Land belonging to communities under the authority of traditional leaders is to be transferred to them. This is one of the resolutions taken at the ANC national elective conference yesterday.
Chair of the ANC subcommittee on legislature and governance, Obed Bapela, pictured, said traditional leaders submitted a proposal asking for the land to be transferred to the communities.
He said while the land was under their authority as traditional leaders, their powers to control the land had diminished and had been taken over by local government officials.
At least 13% of land belonging to traditional communities is in the hands of traditional leaders but held in trust by the state.
“The traditional leaders asked for the land to be transferred to them because it is under no dispute and is registered in their names,” Bapela said.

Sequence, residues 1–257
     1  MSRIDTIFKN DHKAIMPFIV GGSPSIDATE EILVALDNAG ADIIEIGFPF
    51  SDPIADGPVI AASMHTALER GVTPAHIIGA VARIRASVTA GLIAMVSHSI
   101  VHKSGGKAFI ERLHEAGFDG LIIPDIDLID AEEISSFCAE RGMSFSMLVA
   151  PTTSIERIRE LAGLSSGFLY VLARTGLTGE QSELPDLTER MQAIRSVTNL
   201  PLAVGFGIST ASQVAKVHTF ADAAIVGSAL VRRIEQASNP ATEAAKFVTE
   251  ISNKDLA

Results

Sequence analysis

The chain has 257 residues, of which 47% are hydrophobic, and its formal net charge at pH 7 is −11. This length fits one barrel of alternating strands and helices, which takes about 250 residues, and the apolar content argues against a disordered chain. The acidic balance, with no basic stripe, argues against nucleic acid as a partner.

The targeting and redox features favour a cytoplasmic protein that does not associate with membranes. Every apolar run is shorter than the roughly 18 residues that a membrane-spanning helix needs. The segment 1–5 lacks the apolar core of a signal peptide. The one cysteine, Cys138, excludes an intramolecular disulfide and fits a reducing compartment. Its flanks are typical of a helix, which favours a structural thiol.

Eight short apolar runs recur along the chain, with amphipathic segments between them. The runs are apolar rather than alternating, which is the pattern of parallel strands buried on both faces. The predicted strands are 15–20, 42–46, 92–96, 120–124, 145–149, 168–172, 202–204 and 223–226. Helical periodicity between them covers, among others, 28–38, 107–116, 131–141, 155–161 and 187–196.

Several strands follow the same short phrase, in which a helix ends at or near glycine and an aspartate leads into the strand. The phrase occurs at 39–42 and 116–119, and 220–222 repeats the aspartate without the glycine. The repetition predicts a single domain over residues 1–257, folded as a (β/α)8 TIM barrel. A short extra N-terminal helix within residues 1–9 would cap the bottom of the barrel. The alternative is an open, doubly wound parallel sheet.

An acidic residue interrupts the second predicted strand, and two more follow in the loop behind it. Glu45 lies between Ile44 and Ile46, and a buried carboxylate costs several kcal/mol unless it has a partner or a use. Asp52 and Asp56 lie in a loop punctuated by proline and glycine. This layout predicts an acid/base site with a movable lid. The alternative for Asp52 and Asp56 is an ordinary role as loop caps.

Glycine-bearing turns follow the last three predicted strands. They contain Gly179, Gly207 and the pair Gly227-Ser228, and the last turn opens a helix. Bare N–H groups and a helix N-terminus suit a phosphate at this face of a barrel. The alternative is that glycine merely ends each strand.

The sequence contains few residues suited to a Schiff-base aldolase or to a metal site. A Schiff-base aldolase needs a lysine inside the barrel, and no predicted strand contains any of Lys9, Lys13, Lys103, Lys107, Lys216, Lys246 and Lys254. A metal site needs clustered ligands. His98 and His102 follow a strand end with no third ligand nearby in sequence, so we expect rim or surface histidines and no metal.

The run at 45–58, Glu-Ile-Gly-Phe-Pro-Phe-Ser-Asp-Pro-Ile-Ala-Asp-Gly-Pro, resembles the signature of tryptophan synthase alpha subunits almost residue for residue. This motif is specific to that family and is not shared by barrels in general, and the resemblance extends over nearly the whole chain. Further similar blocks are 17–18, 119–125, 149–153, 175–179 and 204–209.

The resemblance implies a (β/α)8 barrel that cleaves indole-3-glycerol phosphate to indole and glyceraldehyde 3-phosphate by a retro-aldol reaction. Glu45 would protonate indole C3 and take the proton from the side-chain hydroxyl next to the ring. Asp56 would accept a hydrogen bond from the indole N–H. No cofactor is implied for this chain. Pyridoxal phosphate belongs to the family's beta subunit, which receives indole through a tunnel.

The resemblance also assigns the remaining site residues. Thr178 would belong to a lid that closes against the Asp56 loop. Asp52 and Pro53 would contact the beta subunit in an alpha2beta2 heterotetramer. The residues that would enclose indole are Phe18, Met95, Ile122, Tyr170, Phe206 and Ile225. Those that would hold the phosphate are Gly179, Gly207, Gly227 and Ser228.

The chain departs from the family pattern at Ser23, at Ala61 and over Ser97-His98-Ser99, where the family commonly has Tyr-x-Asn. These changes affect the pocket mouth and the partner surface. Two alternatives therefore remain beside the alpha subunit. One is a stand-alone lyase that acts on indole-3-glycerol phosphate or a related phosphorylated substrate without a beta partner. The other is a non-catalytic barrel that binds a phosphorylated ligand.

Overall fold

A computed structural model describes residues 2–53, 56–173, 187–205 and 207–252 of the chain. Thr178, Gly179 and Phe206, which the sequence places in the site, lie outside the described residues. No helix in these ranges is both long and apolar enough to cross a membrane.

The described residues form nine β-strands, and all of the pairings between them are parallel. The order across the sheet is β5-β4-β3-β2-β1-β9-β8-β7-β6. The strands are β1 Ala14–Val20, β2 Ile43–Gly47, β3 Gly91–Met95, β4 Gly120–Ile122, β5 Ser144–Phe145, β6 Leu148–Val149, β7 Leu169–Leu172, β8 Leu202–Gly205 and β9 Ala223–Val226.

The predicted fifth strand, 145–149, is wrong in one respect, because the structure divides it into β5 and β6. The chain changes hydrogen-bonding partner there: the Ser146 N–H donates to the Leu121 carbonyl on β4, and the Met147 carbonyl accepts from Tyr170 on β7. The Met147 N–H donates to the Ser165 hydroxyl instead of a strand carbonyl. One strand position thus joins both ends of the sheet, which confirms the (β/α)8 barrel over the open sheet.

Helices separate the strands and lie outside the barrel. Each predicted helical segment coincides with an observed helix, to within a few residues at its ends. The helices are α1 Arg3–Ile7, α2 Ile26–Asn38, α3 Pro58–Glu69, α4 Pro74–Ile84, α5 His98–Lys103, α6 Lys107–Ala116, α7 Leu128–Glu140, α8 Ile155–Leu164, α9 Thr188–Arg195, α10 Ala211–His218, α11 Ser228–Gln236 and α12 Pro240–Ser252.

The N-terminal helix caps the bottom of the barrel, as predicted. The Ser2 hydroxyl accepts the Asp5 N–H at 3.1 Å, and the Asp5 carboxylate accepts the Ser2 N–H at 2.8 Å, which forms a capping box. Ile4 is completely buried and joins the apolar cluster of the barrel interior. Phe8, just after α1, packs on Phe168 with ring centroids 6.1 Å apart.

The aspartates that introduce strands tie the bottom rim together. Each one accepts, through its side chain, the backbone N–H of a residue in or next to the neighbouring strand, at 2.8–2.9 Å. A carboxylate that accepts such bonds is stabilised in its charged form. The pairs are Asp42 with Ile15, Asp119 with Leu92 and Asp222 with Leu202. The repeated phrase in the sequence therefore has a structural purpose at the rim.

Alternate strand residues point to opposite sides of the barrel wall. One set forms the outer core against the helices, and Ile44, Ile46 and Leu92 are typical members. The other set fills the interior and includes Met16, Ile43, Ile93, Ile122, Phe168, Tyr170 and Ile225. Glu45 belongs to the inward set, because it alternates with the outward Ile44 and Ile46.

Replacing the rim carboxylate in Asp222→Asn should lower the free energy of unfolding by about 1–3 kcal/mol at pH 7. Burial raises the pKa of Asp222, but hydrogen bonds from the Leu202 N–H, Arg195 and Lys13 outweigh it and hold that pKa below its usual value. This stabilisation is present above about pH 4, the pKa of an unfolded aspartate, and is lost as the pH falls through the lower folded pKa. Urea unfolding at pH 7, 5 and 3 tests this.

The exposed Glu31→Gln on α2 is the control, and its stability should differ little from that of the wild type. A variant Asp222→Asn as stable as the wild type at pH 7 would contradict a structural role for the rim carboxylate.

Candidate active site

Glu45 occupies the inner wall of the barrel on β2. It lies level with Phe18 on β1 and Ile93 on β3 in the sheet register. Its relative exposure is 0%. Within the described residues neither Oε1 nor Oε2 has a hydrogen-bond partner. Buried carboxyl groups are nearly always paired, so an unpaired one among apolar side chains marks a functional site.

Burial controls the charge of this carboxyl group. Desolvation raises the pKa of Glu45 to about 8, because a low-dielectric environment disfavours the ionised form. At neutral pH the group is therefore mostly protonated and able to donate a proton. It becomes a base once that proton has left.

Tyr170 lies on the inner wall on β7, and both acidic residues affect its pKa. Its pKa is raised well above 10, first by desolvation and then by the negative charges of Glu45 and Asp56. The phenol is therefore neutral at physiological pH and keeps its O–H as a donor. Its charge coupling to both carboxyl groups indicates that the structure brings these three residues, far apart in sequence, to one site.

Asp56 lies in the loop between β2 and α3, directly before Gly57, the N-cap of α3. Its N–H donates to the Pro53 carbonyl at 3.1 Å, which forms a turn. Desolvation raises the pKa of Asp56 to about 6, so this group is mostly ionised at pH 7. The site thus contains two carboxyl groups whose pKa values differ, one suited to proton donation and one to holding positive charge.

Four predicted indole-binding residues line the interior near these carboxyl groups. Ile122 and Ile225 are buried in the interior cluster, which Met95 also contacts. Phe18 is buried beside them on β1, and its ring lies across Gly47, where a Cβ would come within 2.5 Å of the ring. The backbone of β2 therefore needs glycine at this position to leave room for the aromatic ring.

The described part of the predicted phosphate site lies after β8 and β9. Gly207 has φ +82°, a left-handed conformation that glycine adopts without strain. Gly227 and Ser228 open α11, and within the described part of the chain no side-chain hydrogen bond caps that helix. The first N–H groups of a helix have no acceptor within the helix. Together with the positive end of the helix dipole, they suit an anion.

He said when the state transfers the land, some conditions have to be attached, including the question of the security of tenure, the title deed issue, the land use and how the government would ensure the training of beneficiaries so that the land is utilised productively.
Presently, rural land is used mainly for communal purposes such as stock grazing and fields for planting.
Many communities without state assistance use rudimentary methods of agriculture such as ploughing using a span of oxen and planting seeds using a hoe. Agricultural methods such as mechanised planting and ploughing are not part of their way of life.